Fall prevention – A serious Challenge in 21st Century


More than 16,000 elderly people die from fall related injuries every year — and the problem is growing. According to the U.S. Centers for Disease Control and Prevention, an adult aged 65 or over is treated in an U.S. emergency department every 18 seconds — and every 35 minutes an older adult dies as a result of their injuries. One in three older adults falls every year in the United States. Falls are also the most common cause of traumatic brain injuries. If older adults break something serious like a hip after a fall, they have a 20 percent chance of dying within a year.
Unfortunately fall is very frequent in diabetic patients in particular those, who suffer from peripheral neuropathy. Peripheral neuropathy impacts foot sensation or somatosensory feedback. Somatosensory feedback provides key information about the orientation of body respect to gravity (e.g. whether we are standing on a flat surface or on an incline surface) as well as the type of surface (e.g. whether we are standing on a hard surface or a soft surface). The information from somatosensory feedback helps our brain to send an appropriate motor command to muscles for maintaining the balance in particular in the absence of visual feedback.

When treating a patient –in particular elderly people and diabetic patients- we should also pay attention on possible impact of our treatment on patient’s risk of falling and try to minimize that. For example, we may suggest a footwear or Orthoses for walking correction. But this new footwear in turn may increase gait unsteadiness and consequently increase the risk of falling at least during the adaptation phase. Such information could be gathered only from daily activity monitoring of patient rather than a short term monitoring in a gaitlab or in a clinic. In the other words, it might be possible that an individual walks well in a gaitlab environment but at home – for example during night time- his gait might be unsteady because of fatigue, attentional distraction, quality of light, and presence of various obstacles.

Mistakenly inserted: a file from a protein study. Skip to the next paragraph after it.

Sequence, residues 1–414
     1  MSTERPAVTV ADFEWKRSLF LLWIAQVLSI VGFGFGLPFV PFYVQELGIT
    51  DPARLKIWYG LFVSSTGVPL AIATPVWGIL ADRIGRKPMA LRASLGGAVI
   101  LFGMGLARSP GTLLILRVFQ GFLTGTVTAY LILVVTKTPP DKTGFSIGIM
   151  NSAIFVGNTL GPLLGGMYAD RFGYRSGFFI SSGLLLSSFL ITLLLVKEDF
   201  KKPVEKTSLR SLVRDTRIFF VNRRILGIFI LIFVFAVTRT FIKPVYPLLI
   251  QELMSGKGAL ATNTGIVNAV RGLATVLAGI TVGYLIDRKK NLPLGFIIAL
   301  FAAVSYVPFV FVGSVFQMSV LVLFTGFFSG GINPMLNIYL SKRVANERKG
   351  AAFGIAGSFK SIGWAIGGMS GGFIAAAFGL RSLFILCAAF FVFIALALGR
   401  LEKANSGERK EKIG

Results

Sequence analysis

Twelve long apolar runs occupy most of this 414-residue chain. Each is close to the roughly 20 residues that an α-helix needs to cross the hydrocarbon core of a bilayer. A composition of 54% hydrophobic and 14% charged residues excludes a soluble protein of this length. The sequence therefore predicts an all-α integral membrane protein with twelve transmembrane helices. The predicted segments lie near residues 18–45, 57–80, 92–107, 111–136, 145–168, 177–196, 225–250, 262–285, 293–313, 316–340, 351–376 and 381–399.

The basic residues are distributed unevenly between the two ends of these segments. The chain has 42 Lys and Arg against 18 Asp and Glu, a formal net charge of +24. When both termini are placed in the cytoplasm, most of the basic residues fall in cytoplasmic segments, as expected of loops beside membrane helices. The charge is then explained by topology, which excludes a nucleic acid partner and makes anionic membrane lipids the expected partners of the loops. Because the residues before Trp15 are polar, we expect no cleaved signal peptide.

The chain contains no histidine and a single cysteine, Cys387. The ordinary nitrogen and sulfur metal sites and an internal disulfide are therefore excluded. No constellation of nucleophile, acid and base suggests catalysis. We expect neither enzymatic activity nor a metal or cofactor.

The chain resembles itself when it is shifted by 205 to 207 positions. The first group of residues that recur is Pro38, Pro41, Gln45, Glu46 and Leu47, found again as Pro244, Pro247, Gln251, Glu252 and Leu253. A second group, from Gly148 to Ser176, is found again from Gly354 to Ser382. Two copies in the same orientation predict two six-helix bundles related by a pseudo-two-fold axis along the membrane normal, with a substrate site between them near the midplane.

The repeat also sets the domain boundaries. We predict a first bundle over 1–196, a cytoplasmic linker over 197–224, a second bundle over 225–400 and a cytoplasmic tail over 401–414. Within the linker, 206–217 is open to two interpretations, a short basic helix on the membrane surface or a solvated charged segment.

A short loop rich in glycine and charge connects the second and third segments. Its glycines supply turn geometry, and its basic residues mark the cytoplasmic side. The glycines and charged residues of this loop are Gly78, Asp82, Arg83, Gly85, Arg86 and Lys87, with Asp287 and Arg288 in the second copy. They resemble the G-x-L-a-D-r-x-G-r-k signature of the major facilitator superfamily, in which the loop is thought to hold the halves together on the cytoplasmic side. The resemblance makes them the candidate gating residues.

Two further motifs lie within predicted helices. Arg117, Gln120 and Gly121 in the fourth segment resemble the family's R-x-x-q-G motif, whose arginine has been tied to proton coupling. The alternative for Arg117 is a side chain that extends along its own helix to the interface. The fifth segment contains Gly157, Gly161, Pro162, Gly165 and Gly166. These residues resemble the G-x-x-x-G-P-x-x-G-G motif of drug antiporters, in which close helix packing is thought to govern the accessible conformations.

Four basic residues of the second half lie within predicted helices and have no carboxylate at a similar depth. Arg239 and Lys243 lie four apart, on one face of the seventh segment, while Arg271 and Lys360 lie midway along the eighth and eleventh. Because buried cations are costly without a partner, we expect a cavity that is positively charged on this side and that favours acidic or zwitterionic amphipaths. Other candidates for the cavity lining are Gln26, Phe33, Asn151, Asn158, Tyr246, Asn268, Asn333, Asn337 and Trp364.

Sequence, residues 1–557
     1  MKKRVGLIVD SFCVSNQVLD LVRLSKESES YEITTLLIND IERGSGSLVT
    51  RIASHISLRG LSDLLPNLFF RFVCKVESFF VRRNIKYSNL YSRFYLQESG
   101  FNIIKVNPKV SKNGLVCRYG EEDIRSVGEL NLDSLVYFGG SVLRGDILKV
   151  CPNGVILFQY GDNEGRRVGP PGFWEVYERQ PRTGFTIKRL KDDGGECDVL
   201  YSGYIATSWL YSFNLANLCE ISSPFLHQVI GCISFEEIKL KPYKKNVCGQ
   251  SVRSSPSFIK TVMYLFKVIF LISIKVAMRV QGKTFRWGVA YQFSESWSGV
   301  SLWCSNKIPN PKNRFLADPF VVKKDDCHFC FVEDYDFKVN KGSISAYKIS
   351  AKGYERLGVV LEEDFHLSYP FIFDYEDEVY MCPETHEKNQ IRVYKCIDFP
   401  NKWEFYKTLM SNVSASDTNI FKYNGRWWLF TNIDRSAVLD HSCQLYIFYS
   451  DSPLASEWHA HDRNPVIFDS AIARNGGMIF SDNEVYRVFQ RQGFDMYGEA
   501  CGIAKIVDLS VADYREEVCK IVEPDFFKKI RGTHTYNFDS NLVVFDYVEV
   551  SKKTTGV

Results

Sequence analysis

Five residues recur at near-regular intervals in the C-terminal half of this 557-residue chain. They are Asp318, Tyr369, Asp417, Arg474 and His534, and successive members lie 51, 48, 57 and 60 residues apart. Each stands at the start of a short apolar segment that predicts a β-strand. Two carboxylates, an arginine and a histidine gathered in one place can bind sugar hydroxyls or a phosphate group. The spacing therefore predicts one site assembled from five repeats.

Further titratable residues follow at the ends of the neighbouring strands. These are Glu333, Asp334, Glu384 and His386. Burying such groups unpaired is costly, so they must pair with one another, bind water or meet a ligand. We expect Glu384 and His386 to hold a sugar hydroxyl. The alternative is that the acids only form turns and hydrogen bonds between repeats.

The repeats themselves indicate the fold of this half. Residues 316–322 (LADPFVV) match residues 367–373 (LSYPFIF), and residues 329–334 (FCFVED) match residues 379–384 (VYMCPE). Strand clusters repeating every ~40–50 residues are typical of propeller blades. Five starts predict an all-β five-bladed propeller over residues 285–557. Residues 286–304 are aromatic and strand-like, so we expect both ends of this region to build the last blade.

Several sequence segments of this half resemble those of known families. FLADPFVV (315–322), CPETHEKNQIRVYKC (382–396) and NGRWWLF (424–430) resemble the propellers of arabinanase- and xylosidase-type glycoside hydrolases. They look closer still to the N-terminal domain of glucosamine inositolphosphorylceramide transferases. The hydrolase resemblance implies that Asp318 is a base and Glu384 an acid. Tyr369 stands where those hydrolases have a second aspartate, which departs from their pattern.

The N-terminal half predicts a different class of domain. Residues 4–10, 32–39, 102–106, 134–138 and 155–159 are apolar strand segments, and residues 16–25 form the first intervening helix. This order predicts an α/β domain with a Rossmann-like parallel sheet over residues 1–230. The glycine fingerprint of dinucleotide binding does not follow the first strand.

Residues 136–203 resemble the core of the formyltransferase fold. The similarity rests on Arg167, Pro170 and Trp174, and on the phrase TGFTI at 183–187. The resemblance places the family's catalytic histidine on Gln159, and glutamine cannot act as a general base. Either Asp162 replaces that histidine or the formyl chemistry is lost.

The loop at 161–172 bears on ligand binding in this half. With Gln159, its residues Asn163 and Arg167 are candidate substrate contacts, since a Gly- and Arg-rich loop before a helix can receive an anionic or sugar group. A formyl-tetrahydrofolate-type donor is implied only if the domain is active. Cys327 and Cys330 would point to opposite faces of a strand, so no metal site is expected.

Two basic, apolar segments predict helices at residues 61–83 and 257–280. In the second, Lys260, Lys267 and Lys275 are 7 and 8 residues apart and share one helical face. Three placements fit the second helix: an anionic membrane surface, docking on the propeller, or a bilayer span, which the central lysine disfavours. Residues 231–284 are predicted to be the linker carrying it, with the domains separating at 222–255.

Monitoring of physical activity using unobtrusive body worn sensor can provide valuable information about patient’s risk of falling during activity of daily living. Recently our research team at CLEAR (Dr Scholl college of podiatric medicine – north Chicago) designed an innovative technology enabling monitoring the most important motor tasks during daily activity using a single sensor that can be worn easily by a subject. This device enables assessing user quality of physical activity including postural transition (sit-to-stand and stand-to-sit), turning, and walking. We demonstrated that by these qualifications, we can accurately identify elderly persons with high risk of falling. Furthermore, using the same sensor, we designed and validated an innovative algorithm for automatic identification of fall accident during activity of daily living. This will enable us to explore those activities during which patients might be more vulnerable for maintaining the balance and how it could be prevented. We recently received a NIH funded grant to expand the application of our technology for fall prevention in diabetic patients and elderly people.

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